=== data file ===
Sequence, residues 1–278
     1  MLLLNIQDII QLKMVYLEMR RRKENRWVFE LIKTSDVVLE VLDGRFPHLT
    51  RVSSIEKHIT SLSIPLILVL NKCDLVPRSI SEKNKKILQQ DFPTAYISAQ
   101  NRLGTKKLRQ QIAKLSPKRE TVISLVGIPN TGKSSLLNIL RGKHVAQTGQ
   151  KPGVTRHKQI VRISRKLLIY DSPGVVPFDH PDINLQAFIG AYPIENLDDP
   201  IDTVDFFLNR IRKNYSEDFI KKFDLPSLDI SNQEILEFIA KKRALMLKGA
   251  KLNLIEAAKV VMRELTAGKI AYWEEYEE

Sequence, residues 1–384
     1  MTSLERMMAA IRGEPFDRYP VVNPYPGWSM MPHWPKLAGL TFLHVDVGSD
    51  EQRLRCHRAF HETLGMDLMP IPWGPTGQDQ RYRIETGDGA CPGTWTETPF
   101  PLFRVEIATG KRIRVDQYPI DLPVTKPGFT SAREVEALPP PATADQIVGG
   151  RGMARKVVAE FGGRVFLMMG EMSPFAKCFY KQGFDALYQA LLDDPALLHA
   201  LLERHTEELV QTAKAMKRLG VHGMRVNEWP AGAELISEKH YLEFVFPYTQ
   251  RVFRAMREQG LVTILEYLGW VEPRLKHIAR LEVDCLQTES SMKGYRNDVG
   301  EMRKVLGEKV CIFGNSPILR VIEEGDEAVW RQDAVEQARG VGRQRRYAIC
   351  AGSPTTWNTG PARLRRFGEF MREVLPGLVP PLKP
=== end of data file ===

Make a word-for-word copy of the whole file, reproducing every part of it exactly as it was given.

Sequence, residues 1–278
     1  MLLLNIQDII QLKMVYLEMR RRKENRWVFE LIKTSDVVLE VLDGRFPHLT
    51  RVSSIEKHIT SLSIPLILVL NKCDLVPRSI SEKNKKILQQ DFPTAYISAQ
   101  NRLGTKKLRQ QIAKLSPKRE TVISLVGIPN TGKSSLLNIL RGKHVAQTGQ
   151  KPGVTRHKQI VRISRKLLIY DSPGVVPFDH PDINLQAFIG AYPIENLDDP
   201  IDTVDFFLNR IRKNYSEDFI KKFDLPSLDI SNQEILEFIA KKRALMLKGA
   251  KLNLIEAAKV VMRELTAGKI AYWEEYEE

Sequence, residues 1–384
     1  MTSLERMMAA IRGEPFDRYP VVNPYPGWSM MPHWPKLAGL TFLHVDVGSD
    51  EQRLRCHRAF HETLGMDLMP IPWGPTGQDQ RYRIETGDGA CPGTWTETPF
   101  PLFRVEIATG KRIRVDQYPI DLPVTKPGFT SAREVEALPP PATADQIVGG
   151  RGMARKVVAE FGGRVFLMMG EMSPFAKCFY KQGFDALYQA LLDDPALLHA
   201  LLERHTEELV QTAKAMKRLG VHGMRVNEWP AGAELISEKH YLEFVFPYTQ
   251  RVFRAMREQG LVTILEYLGW VEPRLKHIAR LEVDCLQTES SMKGYRNDVG
   301  EMRKVLGEKV CIFGNSPILR VIEEGDEAVW RQDAVEQARG VGRQRRYAIC
   351  AGSPTTWNTG PARLRRFGEF MREVLPGLVP PLKP